Fourthly, and most importantly, the prospects of nuclear disarmament would be brighter, if, based on the above three factors, enough pressure is mounted on the governments by the international intelligentsia. Fortunately, to some extent this is already happening. At the individual level, security analysts and even former military men have begun to question the rationale behind the continuance of nuclear weapons. Cold War theologists such as Paul Nitze and Fred Ikle have expressed themselves in favour of disarmament. Also of import is the volte face by the likes of General George Lee Butler who was once head of the US Strategic Air Command.8 He has questioned how the American nation has "put at the service of our national survival a weapon whose sheer destructiveness was antithetical to the very values upon which our society was based?"9 While such opinions have not yet filtered down into government policies, they do influence beliefs worldwide. In fact, nuclear beliefs, theologies and doctrines have largely emanated from the West and if they change at the source, it could trigger off a chain reaction elsewhere too.
At the national level too, one can point to the efforts by some of the smaller states to distance themselves from nuclearism. For instance, New Zealand and Greece have taken strong stands against allowing their ports to be used by naval vessels carrying nuclear warheads. While such national initiatives are still few and far between, at the multilateral level, such strains are more evident. For instance, in 1995, the Canberra Commission appointed by the Australian prime minister, proposed practical steps towards an NWFW. It also considered the related problem of maintaining stability and security during the transitional period and after the goal of complete disarmament had been achieved. The Commission enumerated several "immediate" and reinforcing steps in this direction. It called upon the NWS to commit themselves "unequivocally to the elimination of nuclear weapons" and advised the NNWS to support this commitment by "join(ing) in cooperative international action to implement it."10 It opined that this dual commitment, made at the highest political level, would change the tenor of the disarmament debate.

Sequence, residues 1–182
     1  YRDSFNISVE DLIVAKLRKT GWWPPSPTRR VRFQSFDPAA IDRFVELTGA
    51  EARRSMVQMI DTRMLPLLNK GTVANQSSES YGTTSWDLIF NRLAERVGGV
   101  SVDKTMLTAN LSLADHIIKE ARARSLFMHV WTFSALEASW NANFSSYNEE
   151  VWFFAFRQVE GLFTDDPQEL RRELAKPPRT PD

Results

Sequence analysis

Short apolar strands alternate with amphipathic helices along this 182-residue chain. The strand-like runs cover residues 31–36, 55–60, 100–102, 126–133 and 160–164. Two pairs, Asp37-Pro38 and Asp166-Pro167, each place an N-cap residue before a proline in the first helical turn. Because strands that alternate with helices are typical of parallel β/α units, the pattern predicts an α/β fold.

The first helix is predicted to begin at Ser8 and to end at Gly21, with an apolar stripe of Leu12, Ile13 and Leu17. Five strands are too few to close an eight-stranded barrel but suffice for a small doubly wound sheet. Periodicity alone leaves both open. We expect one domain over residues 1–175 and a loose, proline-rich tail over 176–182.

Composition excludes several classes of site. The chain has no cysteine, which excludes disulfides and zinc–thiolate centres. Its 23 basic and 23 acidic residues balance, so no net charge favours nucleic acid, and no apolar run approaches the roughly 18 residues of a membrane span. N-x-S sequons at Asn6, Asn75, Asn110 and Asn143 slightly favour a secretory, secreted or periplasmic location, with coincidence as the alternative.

Another development at the global level took place when, in July 1996, the International Court of Justice (ICJ), in response to a request from the UN General Assembly, pronounced the use of nuclear weapons as unlawful and against the principles of humanitarian law except possibly in extreme circumstances of self-defence where the survival of a state is at stake.11 It concluded that "there exists an obligation to pursue in good faith and bring to a conclusion negotiations leading to nuclear disarmament in all aspects under strict international control."12 The judgement is not binding and its violation cannot be treated with any punitive action, but it does play a role in raising the consciousness of the informed public opinion. For nations that claim to uphold the rule of law and humanitarian principles, it imposes a moral, if not a legally enforceable imperative to abolish nuclear weapons.
A build-up of pressure in favour of disarmament is also evident from the fact that the Conference on Disarmament, meeting over three sessions spread between January to September 1999, concluded without conducting any business. So much so, that it could not even decide upon a programme of work because a number of countries insisted upon some tangible movement in the direction of nuclear disarmament, a demand that the Western nuclear powers, including Russia, were not willing to concede. A few months earlier, the nuclear Non-Proliferation Treaty (NPT) Preparatory Committee meeting had also witnessed a clear rift among the ranks of the member states over the issue of disarmament. All these development do point to a mounting pressure on those resisting the demand for universal nuclear disarmament.